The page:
SWINGING DEB DANCE AT LA DOLPHINE [excerpt]
The rock 'n' roll beat of the Grateful Dead blasted the night air above La Dolphine, one of Hillsborough's most noted estates, when Mr. and Mrs. Albert C. Mattei gave a large dance there last night for their granddaughters, Ayn and Lyn Mattei.
The combo, which is well known to the Fillmore Auditorium set, if not to society, played on a dance platform set up in the formal garden, which was beautifully lighted for the ball.
Inside, in the ballroom, which has not seen a party this large and festive in many years, another orchestra, headed by Al Trobbe, played music that was far from staid, but more suitable to the adult guests. . . . .
[The rest of the article is a lavish description of the house and garden decor.]
(from the "Women's World" column, San Francisco Chronicle, 3 September 1966)
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THE '66 DEB SEASON -- S-W-I-N-G-I-N-G
Police and PG&E repairmen got in on the action at the weekend's two big deb balls on the Peninsula, and the culprits in each case were rock 'n' roll bands.
Hillsborough police had hoped to keep the racket of the Grateful Dead a "family affair," when the group played Friday night at the dance the Albert C. Matteis gave for their granddaughters, Ayn and Lyn Mattei, at La Dolphine, the Peninsula showplace.
But then complaints started to come in from residents in the Burlingame-Broadway area. The Grateful Dead were noisy enough to wake the dead, the cops were told, and so the band had to be moved from the garden to the inside of the beautiful mansion.
The following night, when the Edward Morse Hamiltons gave a ball for her daughter, Virginia (Lyn) Belcher, at their villa in Atherton, neighbors were more tolerant - probably they were all at the party - but the electrical requirements of two rock 'n' roll groups were too much for the wiring, and the lights went out all over the house.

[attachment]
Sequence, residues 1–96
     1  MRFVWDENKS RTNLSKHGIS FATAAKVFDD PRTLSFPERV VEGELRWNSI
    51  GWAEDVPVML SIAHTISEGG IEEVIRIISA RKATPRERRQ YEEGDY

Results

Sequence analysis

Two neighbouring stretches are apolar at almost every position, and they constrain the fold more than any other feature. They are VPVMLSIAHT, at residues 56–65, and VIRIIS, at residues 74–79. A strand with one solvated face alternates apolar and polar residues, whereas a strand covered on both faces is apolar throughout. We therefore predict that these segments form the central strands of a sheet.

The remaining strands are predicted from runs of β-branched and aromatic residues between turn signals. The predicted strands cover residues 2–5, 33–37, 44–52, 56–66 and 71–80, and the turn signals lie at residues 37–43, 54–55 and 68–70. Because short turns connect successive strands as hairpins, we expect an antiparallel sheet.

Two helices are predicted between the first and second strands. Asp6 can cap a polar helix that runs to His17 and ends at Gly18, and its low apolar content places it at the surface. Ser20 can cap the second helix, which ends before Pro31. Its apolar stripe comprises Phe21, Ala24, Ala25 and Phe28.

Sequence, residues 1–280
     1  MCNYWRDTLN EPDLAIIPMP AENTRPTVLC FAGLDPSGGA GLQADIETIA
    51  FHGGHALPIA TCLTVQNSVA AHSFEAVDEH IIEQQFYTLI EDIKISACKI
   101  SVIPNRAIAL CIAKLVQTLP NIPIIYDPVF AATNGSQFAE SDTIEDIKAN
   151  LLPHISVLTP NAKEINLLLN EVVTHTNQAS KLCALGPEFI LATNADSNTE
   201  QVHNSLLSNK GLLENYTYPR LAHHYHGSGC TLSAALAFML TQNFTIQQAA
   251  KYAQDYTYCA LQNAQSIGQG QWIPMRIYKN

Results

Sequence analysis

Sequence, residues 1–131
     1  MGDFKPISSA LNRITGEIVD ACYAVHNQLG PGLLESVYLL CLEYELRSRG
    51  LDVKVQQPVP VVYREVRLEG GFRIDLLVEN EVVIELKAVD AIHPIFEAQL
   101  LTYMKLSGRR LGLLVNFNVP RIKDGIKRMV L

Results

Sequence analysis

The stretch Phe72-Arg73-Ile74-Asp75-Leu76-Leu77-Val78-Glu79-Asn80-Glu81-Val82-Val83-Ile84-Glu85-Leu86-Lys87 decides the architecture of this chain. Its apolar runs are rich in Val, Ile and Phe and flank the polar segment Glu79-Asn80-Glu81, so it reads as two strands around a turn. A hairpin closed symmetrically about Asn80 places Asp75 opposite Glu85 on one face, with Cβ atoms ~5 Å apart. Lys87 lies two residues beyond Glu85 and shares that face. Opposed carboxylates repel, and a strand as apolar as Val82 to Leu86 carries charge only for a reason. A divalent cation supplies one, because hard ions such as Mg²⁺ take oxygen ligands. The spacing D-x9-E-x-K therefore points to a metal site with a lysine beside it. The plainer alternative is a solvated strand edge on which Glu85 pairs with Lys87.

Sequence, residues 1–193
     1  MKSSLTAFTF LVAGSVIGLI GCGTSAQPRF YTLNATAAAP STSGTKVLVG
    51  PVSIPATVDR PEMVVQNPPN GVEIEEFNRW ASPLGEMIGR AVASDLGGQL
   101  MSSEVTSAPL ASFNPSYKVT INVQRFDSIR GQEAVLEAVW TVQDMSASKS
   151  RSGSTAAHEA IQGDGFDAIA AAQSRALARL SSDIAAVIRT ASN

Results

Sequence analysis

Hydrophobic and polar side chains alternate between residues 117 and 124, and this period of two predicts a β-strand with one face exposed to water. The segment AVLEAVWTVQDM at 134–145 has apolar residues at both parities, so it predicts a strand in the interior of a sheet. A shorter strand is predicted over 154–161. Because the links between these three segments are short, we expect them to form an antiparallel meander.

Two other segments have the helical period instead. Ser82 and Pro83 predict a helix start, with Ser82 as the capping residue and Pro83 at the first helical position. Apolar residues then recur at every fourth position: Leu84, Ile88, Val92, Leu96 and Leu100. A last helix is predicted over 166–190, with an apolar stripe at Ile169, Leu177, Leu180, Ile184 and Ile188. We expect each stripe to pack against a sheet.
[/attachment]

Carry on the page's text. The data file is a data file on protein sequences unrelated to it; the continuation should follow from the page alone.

The party carried on by candlelight for an hour or so, until service was restored at midnight. Naturally, the blackout put the combos, the Outfit and the Gordion Knot, out of action. Immediately, rumor spread that Walt Tolleson, whose music does not require amplifying, was guarding the fuse box.
Along with three bands, the Hamiltons presented a surprise feature: a belly dancer to match their Egyptian-style home. She performed sinuously in the living room at the height of the party.
The Hamilton dance had further unscheduled excitement when three CORE protesters, all properly dressed, crashed the party. They were permitted to stay and went unnoticed by most of the guests.
(by Frances Moffatt, from the "Who's Who" column, San Francisco Chronicle, September 1966)
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BRILLIANT DEB BALL IN A BAY CHATEAU [excerpt]
Debs Danced To Rock 'n' Roll Beat
La Dolphine, the beautiful Hillsborough
mansion that has been silent and unoccupied off and on since it was
built before World War I, burst into brilliant life with a rock 'n' roll
beat Friday night, for a deb ball the Albert C. Matteis gave for their
granddaughters, Ayn and Lyn Mattei. . . .
The 18th century styled chateau is set in 3 1/2 acres of terraced
gardens which were floodlighted with pink and white spots for the party.
Despite the evening's chill, the young set stayed outside to dance to
the rhythms of the Grateful Dead, while their elders remained in the
ballroom where Al Trobbe played. . . .